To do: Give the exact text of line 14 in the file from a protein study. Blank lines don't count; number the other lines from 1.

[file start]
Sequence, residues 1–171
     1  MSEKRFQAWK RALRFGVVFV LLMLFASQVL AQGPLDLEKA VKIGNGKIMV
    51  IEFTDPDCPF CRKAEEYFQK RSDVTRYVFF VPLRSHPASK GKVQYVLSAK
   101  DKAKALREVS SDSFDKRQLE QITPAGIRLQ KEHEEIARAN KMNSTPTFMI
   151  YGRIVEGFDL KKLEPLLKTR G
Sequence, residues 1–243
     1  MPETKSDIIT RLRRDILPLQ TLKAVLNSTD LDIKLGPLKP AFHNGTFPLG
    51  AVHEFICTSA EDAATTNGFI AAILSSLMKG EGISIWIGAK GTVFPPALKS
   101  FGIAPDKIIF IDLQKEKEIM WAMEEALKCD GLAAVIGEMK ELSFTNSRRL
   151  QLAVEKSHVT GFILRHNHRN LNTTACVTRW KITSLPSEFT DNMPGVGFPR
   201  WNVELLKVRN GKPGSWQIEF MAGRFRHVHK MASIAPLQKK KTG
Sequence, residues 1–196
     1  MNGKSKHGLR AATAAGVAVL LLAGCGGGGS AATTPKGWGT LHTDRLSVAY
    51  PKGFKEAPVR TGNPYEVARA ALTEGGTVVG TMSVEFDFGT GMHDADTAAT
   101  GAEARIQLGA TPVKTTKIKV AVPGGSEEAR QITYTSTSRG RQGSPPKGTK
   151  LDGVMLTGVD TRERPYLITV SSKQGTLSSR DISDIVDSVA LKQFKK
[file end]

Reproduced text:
    51  PKGFKEAPVR TGNPYEVARA ALTEGGTVVG TMSVEFDFGT GMHDADTAAT